• HLA Expression Correlates to the Risk of Immune Checkpoint Inhibitor-Induced Pneumonitis

      Center for Biotechnology, Sbarro Institute for Cancer Research and Molecular Medicine (Temple University) (2020-08-25)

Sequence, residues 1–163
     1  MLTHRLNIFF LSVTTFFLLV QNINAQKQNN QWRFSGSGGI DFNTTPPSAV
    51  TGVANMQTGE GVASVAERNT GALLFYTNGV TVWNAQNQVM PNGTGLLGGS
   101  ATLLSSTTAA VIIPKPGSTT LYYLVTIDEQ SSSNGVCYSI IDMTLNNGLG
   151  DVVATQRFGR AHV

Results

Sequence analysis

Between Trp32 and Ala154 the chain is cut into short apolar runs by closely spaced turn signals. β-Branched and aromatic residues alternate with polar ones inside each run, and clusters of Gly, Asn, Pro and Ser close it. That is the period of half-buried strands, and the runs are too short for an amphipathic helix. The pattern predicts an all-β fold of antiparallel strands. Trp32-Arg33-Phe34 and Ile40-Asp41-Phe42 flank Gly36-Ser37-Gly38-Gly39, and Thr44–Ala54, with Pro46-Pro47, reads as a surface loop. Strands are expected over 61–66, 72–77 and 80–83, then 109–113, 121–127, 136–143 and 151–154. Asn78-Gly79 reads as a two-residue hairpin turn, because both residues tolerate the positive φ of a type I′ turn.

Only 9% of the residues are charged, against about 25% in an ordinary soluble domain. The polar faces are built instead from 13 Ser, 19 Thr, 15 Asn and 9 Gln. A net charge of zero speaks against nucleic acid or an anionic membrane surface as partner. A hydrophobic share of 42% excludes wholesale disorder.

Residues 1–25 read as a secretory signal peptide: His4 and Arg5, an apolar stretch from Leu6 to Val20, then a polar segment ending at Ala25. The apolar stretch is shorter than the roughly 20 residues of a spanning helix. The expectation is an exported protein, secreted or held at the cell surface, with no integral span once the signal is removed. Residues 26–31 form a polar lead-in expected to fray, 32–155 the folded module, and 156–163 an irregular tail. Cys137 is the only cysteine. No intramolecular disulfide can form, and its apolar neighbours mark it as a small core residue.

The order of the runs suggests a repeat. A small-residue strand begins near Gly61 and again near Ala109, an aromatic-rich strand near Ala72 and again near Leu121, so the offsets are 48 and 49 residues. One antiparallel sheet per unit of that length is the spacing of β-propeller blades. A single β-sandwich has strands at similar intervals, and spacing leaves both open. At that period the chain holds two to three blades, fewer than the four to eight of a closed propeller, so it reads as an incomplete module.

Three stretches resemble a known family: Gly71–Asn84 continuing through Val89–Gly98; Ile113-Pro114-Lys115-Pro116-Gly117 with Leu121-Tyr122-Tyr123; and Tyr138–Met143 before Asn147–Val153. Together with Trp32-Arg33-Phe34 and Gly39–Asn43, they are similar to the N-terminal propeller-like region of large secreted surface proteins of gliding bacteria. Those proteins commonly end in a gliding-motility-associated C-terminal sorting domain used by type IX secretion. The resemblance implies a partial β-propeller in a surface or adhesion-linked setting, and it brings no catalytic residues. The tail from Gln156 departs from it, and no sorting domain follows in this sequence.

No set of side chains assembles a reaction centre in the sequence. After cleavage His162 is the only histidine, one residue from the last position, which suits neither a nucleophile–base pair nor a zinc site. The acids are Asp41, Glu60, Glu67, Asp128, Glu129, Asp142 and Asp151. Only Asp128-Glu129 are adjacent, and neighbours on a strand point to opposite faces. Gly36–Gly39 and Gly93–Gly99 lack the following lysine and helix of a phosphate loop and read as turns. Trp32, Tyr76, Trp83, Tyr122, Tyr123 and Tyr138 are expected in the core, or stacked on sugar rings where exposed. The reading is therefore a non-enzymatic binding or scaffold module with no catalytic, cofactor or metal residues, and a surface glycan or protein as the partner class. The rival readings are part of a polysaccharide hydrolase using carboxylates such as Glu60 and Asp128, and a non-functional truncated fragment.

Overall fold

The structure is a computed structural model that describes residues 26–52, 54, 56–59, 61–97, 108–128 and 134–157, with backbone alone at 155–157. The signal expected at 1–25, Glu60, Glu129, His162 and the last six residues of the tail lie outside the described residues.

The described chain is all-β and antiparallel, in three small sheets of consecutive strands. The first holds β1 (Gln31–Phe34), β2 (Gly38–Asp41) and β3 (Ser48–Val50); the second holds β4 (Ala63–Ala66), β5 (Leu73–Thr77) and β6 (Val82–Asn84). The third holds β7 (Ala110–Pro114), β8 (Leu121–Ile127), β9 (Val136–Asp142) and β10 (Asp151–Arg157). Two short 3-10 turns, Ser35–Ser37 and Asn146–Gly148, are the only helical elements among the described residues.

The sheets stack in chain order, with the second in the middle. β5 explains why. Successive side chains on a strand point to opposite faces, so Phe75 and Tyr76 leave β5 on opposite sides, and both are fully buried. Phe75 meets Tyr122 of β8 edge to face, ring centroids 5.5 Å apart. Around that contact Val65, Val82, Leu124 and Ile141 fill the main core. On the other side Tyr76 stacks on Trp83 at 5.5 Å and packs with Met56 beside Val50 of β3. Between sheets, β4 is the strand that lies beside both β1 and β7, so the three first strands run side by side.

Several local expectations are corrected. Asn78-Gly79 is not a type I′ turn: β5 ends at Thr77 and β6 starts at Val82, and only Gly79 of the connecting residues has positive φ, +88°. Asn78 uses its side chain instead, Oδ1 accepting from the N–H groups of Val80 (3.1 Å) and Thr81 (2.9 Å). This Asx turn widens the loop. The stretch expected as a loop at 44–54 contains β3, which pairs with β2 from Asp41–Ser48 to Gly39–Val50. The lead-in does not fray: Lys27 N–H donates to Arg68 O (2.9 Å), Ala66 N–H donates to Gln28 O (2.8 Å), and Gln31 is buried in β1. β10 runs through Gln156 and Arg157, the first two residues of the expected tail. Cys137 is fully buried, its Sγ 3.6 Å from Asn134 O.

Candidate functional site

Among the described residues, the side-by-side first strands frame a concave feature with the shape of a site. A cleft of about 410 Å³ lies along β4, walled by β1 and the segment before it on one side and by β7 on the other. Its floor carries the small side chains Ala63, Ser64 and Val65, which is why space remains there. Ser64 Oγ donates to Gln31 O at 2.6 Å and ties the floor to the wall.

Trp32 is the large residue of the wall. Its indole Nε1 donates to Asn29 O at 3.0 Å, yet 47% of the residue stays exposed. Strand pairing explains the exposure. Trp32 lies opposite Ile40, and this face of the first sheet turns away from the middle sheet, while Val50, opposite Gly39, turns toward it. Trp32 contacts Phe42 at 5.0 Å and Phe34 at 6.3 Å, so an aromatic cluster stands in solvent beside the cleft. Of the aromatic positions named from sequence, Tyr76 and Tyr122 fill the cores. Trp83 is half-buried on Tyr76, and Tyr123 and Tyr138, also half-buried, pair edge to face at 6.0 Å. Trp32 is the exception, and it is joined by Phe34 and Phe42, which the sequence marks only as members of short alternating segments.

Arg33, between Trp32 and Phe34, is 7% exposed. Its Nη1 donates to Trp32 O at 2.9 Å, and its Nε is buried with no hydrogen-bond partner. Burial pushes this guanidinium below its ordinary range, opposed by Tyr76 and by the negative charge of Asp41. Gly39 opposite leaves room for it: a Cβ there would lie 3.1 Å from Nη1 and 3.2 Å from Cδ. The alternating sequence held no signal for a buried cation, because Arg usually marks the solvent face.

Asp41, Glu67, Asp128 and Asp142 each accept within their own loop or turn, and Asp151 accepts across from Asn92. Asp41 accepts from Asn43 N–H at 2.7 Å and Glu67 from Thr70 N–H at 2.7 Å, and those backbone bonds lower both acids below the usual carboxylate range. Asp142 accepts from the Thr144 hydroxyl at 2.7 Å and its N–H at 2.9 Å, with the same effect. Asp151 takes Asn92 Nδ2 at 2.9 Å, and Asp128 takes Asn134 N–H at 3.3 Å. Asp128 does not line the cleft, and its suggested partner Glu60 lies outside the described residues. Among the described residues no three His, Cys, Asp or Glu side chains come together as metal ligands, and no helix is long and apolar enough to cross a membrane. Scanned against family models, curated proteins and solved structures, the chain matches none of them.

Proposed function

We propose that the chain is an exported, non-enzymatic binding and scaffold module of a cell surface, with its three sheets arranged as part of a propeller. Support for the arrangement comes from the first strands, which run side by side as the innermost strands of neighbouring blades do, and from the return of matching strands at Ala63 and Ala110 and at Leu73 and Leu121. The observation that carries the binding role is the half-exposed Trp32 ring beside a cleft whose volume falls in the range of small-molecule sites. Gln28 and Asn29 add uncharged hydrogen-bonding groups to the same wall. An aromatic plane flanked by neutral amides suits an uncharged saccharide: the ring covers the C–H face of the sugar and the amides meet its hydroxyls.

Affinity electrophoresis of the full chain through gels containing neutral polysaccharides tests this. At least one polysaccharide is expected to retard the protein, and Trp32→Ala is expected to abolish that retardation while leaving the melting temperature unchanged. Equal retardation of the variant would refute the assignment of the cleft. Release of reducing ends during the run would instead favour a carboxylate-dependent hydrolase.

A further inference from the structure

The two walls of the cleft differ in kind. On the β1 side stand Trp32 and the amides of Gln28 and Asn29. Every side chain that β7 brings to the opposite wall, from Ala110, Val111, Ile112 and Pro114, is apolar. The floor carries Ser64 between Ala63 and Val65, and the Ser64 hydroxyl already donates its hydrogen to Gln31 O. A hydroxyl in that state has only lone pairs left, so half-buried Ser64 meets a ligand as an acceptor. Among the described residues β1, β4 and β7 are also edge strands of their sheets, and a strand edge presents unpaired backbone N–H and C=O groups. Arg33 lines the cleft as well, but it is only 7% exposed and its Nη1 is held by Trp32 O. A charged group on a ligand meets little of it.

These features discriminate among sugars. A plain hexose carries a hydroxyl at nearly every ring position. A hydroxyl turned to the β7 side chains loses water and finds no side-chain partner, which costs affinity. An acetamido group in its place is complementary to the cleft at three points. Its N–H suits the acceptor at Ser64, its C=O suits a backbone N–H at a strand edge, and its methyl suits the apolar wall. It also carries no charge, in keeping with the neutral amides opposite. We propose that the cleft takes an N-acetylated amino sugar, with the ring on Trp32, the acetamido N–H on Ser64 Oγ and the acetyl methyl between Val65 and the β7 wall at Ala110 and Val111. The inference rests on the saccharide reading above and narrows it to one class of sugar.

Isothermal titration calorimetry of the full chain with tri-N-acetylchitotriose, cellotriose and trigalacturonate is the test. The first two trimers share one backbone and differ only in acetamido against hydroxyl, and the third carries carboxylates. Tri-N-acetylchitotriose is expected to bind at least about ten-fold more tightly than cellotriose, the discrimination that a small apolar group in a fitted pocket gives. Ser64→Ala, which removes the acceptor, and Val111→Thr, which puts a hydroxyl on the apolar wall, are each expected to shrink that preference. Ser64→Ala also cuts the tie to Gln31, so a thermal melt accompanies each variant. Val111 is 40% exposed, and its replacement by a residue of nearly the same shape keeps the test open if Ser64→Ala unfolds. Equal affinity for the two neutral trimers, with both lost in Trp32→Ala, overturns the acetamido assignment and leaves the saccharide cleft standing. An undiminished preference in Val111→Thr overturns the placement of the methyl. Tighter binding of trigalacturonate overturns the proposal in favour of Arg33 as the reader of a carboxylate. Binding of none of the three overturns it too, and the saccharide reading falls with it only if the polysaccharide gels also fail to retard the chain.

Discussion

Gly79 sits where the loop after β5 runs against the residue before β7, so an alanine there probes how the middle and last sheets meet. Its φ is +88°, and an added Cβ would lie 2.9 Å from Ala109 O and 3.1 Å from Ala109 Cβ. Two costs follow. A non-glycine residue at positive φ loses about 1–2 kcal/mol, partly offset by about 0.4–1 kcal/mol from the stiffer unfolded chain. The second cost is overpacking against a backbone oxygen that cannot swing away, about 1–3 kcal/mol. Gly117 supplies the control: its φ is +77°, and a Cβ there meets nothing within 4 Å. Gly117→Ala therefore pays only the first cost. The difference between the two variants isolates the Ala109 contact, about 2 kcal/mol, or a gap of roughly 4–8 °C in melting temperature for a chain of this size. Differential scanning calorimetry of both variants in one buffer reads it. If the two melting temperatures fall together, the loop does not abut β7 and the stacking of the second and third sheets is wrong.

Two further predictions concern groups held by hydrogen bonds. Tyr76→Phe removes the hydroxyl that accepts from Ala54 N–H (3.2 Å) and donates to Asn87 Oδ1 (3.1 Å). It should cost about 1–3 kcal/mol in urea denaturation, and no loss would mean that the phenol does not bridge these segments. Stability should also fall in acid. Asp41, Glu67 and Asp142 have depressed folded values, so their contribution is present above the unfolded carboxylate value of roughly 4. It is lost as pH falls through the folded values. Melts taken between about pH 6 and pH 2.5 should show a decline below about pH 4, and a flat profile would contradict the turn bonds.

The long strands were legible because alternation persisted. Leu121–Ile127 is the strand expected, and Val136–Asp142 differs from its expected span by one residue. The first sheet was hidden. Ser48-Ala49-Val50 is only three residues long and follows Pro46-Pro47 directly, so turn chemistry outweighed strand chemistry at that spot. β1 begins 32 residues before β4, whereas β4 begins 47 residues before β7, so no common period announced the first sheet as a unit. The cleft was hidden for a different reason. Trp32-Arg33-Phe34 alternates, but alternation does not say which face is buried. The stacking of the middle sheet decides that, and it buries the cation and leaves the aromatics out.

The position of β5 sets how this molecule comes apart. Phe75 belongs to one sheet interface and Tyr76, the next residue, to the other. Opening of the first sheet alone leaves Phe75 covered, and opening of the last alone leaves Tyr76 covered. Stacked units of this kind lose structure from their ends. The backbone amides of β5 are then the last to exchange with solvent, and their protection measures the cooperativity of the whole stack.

Tumor-infiltrating T cell rescue by programmed cell death receptor-1 (PD-1)/PD-1 ligand-1 (PD-L1) immune checkpoint blockade is a recommended treatment for malignant diseases, including metastatic non-small-cell lung cancer (mNSCLC), malignant melanoma (MM), head and neck, kidney, and urothelial cancer. Monoclonal antibodies (mAbs) against either PD-1 or PD-L1 are active agents for these patients; however, their use may be complicated by unpredictable immune-related adverse events (irAEs), including immune-related pneumonitis (IRP). We carried out a retrospective multi-institutional statistical analysis to investigate clinical and biological parameters correlated with IRP rate on a cohort of 256 patients who received real-world treatment with PD-1/PD-L1 blocking mAbs. An independent radiological review board detected IRP in 29 patients. We did not find statistical IRP rate correlation with gender, tumor type, specific PD-1 or PD-L1 blocking mAbs, radiation therapy, inflammatory profile, or different irAEs. A higher IRP risk was detected only in mNSCLC patients who received metronomic chemotherapy +/− bevacizumab compared with other treatments prior PD-1/PD-L1 blockade. Moreover, we detected a strong correlation among the IRP rate and germinal expression of HLA-B*35 and DRB1*11, alleles associated to autoimmune diseases. Our findings may have relevant implications in predicting the IRP rate in mNSCLC patients receiving PD-1/PD-L1 blockade and need to be validated on a larger patient series.